China dropped the death penalty for more than a dozen nonviolent crimes Friday and banned capital punishment for people over the age of 75 in largely symbolic moves that are not expected to significantly reduce executions.
China executes more people than any other country, and critics say too many crimes are punishable by death.
The official Xinhua News Agency said it was the first time the Communist government has reduced the number of crimes subject to the death penalty since 1979. The newly revised Criminal Law comes into effect May 1.
But an expert said the move was unlikely to significantly reduce executions, since people convicted of those crimes in the past have rarely received the maximum penalty and capital punishment can still be used to punish other economic crimes such as corruption.
"The big obstacle, I think, is corruption. Because there still is a very strong sense that corrupt officials must die among the Chinese population at large," said Joshua Rosenzweig, research manager for the U.S.-based human rights group Dui Hua Foundation. "The revulsion for that offense is so strong that there would be a potential political cost to eliminating the death penalty for corruption."
Official statistics on executions are considered state secrets but the Dui Hua Foundation estimates that China put 5,000 people to death in 2009.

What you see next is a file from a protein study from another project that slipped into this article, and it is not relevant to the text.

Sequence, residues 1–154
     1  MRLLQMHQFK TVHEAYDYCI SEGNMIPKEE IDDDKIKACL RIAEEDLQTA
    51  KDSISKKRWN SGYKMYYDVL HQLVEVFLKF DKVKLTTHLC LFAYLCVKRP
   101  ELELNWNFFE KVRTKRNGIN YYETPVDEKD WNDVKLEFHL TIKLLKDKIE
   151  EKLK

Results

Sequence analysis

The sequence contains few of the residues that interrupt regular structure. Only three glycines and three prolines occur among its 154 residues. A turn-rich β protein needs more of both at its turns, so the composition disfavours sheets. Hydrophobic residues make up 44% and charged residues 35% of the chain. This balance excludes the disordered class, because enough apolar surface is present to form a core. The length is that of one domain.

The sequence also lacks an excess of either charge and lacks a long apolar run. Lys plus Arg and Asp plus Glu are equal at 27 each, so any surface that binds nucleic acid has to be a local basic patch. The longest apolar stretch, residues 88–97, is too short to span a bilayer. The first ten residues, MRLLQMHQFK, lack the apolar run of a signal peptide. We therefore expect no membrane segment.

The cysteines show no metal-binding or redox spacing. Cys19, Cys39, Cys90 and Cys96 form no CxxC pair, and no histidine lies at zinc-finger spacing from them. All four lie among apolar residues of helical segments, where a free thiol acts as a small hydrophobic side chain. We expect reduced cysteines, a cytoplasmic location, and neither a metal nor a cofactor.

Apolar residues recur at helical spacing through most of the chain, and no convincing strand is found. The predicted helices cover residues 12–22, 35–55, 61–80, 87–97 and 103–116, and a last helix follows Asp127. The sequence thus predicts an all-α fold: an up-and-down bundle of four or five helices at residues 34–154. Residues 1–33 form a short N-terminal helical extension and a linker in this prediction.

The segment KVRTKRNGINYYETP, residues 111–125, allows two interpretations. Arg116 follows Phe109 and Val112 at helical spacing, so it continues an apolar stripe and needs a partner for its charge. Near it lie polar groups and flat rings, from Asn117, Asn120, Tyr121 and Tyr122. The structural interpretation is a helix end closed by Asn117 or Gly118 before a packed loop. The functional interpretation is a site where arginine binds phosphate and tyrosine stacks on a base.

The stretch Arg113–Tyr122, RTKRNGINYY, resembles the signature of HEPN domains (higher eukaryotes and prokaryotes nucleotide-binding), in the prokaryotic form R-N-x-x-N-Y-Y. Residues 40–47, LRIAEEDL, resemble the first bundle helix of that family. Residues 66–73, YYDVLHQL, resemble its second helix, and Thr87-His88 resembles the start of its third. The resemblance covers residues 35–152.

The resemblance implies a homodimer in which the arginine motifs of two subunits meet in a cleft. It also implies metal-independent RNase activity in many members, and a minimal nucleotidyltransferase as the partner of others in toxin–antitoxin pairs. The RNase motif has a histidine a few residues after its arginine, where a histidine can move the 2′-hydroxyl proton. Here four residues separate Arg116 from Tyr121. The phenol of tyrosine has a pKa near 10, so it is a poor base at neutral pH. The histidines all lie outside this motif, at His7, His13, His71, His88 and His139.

Thirteen economic, nonviolent offenses will be removed from the list of 68 crimes punishable by death, said Lang Sheng, who heads a legal committee for the National People's Congress, China's legislature. The 13 crimes include forging and selling invoices to avoid taxes, and smuggling cultural relics and precious metals such as gold out of the country.
Lang told a briefing in Beijing that abolishing capital punishment for the elderly was done "to demonstrate the spirit of humanity." However, the amendment excludes anyone who commits murder with "exceptional cruelty." Previously, only minors under age 18 and pregnant women were exempt from capital punishment, Xinhua said.
Legal authorities have sought to stamp out abuses of the death penalty, particularly by demanding that all death sentences be reviewed by the supreme court. They have also called for the penalty to be imposed only in the most extreme cases, although the punishment has wide public support in China.
Lang noted that the changes reduced the number of crimes punishable by death by nearly one-fifth, to 55, and said the government would consider further revisions in the future.
Other changes to the criminal law passed Friday include imposing the death penalty for organ traffickers by allowing them to be prosecuted for homicide. Organ transplantation in China has long been criticized as profit-driven and unethical. In 2009, China launched a national organ donation system aimed at reducing its dependence on death row inmates for organs.
The committee also widened the scope of punishment for subversion to include the funding of domestic and foreign groups to commit crimes that endanger national security. It approved stiffer penalties for food safety violations, and made it a crime for employers to hold back workers' wages.